In DOS, the woman who invited you to the group was your master, Mack said. The majority of women in DOS didn’t have sex with Raniere; the New York Times magazine article claims only two women admitted to it.

Story continues below advertisement
“[She would be the] representation of your conscience, your higher self, your most ideal.”

An example of the relationship would be the master helping her slave count calories to “save them from the trap of emotional eating,” according to other women in DOS. Grigoriadis writes:

“Masters would dictate an act of ‘self-denial,’ like cold showers or rousing yourself from bed at 4 a.m. and standing stock still for a time. Slaves were told to do ‘acts of care’ for masters, perhaps bringing them coffee. Slaves might be told to abstain from orgasms, ostensibly to heal their negative sexual patterns. Mack said that this was ‘about devotion’ and ‘like any spiritual practice or religion.’ I thought about free will — did she believe in that? She said, ‘You’re dedicating your life one way or another.'”

Investigators said Raniere preferred exceptionally thin women, so “slaves” had to stick to very low-calorie diets and document every food they ate. As punishment for not following orders, women were forced to attend classes where they were “forced to wear fake cow udders over their breasts while people called them derogatory names,” or threatened with being put in cages, court papers say.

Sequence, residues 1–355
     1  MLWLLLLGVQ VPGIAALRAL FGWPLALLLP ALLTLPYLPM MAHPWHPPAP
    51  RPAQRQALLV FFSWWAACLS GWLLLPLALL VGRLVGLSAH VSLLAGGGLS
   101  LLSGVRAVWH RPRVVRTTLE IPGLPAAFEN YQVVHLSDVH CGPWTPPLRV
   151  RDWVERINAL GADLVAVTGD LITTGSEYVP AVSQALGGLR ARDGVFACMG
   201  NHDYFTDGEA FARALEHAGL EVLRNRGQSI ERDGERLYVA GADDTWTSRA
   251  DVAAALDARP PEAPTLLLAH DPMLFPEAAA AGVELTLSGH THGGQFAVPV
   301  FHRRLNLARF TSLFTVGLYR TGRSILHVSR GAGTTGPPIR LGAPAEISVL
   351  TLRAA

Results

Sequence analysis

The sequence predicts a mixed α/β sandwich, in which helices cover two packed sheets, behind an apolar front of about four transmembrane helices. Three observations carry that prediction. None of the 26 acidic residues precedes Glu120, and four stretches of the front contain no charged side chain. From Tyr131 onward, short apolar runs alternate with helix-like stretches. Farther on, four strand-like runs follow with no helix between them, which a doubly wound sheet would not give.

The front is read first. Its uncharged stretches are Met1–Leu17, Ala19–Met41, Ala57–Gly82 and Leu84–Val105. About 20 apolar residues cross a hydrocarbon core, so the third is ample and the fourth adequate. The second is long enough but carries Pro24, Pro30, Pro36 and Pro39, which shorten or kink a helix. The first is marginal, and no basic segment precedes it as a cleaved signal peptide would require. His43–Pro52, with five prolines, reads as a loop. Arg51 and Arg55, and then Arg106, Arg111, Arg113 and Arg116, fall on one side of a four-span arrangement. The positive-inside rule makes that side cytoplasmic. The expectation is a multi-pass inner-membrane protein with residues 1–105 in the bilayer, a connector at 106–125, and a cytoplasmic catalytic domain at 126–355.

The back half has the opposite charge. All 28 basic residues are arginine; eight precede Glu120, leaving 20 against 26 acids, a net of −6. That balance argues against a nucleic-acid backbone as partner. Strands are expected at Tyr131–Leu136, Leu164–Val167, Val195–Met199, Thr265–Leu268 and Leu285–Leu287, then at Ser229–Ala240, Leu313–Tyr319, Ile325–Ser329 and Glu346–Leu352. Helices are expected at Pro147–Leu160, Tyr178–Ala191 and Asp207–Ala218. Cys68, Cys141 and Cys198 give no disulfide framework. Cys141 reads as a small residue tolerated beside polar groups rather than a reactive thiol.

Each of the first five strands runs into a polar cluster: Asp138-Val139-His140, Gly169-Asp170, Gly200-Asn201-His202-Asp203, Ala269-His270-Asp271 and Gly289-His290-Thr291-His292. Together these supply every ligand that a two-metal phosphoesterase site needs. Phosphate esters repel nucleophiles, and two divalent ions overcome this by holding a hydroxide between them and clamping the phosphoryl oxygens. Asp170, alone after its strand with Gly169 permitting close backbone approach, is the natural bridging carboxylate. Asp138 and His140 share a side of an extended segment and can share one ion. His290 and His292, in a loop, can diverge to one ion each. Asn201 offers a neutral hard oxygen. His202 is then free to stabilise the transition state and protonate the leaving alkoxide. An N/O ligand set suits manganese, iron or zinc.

Story continues below advertisement

The idea within Nxivm is to continually perpetuate the cycle; each master is supposed to bring in slaves, and then to grow into a master themselves, they need to recruit their own slaves.

Each circle was “like a little family,” Mack said to Grigoriadis.

Earlier this year, Raniere posted an open letter to the Nxivm website (now deleted), ruing “the picture being painted in the media” about his group and denying any accusations levied against him.

“Over the past months, there have been extensive independent investigations performed, by highly qualified individuals, and they have firmly concluded that there is no merit to the allegations that we are abusing, coercing or harming individuals,” it read in part. “These allegations are most disturbing to me as non-violence is one of my most important values.”

READ MORE: Kanye West debuts new album ‘Ye,’ cites #MeToo, Kim Kardashian, bipolar disorder

Raniere and Nxivm have been the subject of criticism for years, dating back to at least 2012 when the Times Union of Albany published a series of articles examining the organization and allegations that it was like a cult.

Other rumoured celebrity members include former Battlestar Galactica star Nicki Clyne and Canadian actor Kristen Kreuk. Clyne has not commented publicly on her involvement, while Kreuk acknowledged hers, saying she’s “disturbed and embarrassed to have been associated” with Nxivm.

Story continues below advertisement

Nxivm’s official site still exists, but solely consists of an “important message” to the group’s members. It reads:

“It is with deep sadness that we inform you we are suspending all NXIVM/ESP enrollment, curriculum and events until further notice.

“We will be in touch with more information for anyone currently enrolled in upcoming events/programs.

“While we are disappointed by the interruption of our operations, we believe it is warranted by the extraordinary circumstances facing the company at this time. We continue to believe in the value and importance of our work and look forward to resuming our efforts when these allegations are resolved.”

A trial date for the Mack and Raniere has been set for Oct. 1.

Sponsored content